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Op-Ed: The NIGHTMARE lives on

The holidays are meant to be happy times. However, for young female children with a history of being molested, they are anything but happy. Sexual assault, being impregnated against their will (and without their understanding) make them easy victims for more sexual violence and assaults as they grow into adulthood.

These are undocumented situations that almost everyone has known about, been exposed to or grown up with here in Samoa — but are very difficult to expose.

A recent news report has it that 54-year-old Mr. Kaio Levao allegedly had the audacity to touch a 19-year-old young lady’s private place, and then waylay her again after she rejected his advances.

The attitude — that it is alright to sexually assault and harass young females because they have given birth — has a long, shady history that has been carefully kept under the radar.

For victims of all ages, it is offensive, humiliating, shameful and degrading.

Imagine these young victims barely into their teens trying to survive from past sexual traumas. Especially the many victims who have suffered in silence and discouragement, because they feel it is too dirty and embarrassing to talk about.

It does not take a psychiatrist to figure out how perps or offenders thrive on this silence — which perpetuates the notion that these girls are free and fair game. It is easy to convince them that they have no choice but to submit. Unfortunately in the past — due to ignorance in a male dominated society — it has been easy to twist these behaviors in men’s favor, especially by matriarchs who are in denial or who push the forgiveness card.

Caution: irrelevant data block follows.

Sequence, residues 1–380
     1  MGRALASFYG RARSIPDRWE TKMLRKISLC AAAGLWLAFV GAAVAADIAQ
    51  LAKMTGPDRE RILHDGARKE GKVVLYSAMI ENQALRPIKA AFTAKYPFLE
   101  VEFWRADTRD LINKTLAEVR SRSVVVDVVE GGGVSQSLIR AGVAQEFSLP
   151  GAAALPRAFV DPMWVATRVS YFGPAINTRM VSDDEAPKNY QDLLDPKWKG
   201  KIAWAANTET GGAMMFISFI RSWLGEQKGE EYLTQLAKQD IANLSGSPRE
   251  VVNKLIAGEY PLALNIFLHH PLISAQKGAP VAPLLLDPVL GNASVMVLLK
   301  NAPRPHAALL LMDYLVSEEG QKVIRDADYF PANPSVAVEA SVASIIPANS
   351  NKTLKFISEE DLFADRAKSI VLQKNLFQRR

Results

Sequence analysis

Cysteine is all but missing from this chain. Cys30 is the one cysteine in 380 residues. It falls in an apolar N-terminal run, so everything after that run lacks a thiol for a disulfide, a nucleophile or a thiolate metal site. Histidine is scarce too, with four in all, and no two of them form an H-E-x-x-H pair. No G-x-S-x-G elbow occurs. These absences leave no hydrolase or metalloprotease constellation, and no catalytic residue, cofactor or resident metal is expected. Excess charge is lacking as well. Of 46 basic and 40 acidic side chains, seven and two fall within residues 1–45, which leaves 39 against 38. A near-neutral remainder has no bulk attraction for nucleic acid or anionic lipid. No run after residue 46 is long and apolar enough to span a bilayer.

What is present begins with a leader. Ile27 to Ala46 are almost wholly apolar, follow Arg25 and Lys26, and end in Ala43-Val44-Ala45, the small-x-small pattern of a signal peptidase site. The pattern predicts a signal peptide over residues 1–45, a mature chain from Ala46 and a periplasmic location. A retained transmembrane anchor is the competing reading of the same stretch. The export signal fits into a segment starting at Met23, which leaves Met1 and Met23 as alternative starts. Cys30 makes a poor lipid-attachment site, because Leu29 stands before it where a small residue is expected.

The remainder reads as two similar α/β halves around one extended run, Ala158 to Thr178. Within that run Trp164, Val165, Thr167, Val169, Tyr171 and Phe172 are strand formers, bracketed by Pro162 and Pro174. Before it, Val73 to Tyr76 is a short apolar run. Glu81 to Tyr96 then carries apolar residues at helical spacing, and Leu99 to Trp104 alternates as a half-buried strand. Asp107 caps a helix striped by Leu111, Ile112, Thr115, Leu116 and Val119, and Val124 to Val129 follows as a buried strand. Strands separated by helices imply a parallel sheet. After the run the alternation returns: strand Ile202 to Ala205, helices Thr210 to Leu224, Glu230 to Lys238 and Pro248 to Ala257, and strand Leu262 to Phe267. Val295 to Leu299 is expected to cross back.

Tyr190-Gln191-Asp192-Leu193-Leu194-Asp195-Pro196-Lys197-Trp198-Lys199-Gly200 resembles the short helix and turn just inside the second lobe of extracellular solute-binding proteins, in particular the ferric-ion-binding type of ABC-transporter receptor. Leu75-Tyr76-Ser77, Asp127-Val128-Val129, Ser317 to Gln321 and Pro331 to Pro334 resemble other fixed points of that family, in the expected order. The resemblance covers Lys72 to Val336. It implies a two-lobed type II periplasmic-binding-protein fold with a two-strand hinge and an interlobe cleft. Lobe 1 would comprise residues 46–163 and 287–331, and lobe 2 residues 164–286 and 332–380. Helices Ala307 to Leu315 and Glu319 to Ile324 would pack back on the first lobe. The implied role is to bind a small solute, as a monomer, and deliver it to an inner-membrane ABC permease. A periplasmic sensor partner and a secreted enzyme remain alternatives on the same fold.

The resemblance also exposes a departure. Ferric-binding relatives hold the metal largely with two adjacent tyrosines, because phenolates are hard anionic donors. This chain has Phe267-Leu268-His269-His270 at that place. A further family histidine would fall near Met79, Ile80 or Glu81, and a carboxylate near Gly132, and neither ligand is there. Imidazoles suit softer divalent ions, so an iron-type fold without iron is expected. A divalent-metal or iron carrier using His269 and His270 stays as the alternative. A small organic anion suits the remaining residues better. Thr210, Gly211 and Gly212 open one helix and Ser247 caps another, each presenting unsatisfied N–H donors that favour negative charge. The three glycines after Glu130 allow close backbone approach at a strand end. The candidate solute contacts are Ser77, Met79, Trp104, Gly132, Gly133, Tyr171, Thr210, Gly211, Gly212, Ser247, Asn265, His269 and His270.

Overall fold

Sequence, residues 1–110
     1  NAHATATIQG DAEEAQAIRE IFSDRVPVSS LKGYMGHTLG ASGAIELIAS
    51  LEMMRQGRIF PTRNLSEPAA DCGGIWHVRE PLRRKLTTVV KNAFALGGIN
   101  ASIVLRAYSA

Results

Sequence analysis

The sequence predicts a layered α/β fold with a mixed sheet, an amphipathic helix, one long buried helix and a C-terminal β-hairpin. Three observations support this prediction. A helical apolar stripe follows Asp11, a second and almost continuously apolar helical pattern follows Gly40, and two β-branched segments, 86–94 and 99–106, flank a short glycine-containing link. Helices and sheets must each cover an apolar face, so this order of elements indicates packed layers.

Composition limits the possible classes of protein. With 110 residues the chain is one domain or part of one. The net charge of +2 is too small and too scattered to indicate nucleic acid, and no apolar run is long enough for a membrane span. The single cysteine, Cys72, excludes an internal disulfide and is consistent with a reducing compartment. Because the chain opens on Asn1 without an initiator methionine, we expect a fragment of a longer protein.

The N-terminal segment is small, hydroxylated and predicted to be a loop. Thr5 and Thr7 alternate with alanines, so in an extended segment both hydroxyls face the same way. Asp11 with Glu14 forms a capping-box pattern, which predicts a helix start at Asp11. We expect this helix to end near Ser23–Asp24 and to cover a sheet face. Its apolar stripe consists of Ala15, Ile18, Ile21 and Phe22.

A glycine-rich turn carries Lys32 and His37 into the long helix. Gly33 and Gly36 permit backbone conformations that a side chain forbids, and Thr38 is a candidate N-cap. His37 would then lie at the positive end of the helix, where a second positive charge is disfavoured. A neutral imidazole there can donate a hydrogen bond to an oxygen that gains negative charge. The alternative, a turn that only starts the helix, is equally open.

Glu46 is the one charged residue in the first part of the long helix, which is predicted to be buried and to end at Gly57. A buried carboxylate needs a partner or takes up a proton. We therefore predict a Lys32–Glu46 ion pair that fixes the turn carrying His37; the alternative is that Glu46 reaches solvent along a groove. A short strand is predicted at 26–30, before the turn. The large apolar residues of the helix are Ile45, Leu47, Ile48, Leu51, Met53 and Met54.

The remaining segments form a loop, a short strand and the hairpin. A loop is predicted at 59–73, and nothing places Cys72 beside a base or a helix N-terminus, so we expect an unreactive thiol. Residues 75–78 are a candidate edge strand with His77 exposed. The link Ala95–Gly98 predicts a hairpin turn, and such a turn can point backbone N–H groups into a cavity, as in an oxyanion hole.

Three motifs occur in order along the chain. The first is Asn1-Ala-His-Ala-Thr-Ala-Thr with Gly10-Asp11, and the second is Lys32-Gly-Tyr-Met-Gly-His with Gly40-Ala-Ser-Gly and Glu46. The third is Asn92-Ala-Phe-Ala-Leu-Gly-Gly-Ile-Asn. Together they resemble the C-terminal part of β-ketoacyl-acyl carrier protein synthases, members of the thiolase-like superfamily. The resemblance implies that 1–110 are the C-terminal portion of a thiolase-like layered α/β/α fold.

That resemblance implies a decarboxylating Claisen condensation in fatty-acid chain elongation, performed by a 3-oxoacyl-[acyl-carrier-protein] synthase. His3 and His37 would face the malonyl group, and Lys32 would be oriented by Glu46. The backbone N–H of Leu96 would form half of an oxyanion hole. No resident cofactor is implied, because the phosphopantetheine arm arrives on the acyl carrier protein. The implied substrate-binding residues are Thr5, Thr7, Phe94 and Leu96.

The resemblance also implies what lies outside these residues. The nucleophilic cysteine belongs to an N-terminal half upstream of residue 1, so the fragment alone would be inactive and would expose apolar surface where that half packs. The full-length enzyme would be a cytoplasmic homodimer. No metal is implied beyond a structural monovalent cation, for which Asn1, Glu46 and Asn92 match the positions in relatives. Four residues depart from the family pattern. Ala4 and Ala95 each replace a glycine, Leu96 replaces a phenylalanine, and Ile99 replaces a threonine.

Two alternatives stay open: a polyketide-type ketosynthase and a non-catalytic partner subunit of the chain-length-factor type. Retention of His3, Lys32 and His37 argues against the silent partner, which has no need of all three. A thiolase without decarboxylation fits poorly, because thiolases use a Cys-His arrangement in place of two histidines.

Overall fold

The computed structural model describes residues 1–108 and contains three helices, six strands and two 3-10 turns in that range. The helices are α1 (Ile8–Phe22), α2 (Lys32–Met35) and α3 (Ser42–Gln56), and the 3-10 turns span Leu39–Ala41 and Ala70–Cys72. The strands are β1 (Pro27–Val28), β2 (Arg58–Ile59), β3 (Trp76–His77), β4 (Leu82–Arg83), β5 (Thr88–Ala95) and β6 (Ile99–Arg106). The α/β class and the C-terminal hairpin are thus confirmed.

Throughout my years of growing up in Samoa, I have many times heard mothers,sisters, aunts, grandmothers etc. blaming the victim for their circumstance, sneering at them “ua e le toe aoga’’ — “You are of no value now”. Most of the victims have their hair shorn off. Even males whisper that to subdue girls, thus leaving them isolated and unprotected.

This attitude of victimizing victims has crept through the ages and survived the Dawn of Christianity.

In 1994, Congress passed the Violence Against Women Act. For the past 20 years, we —the advocates for these victims of sexual violence — have worked to continuously break down walls of ignorance, empowering women and communities to make the stand against domestic and sexual violence, by reporting the crime and supporting the survivors with education through outreach efforts.

In December 2012, a courageous 19-year-old young lady stepped out of the nightmare she was about to fall into and reported the sexual assault made against her person. A 27-old- woman with two small children reported her 58-year-old step father for allegedly sexually abusing her and exposing her young son to sex abuse.

A man would not presume to touch a dog. Yet these offenders, through their actions make statements that women are to be dehumanized and forced to be subservient to their sexual advances. Without any thought one elderly man blatantly puts his hand on a teenagers vaginal area as if it was his right to do so while the other father fondles his daughter while she sleeps.

As long as we keep exposing these heinous behaviors for what they are and who is committing them, it will help protect another child or person from being sexually violated and make sure the offenders are incarcerated. It will also help and empower the community in believing that they do have the RIGHT to be protected. And for the survivors and their families it will them a sense of justice and closure.

Happy Holidays, and commit yourselves to preventing family, domestic and sexual violence.



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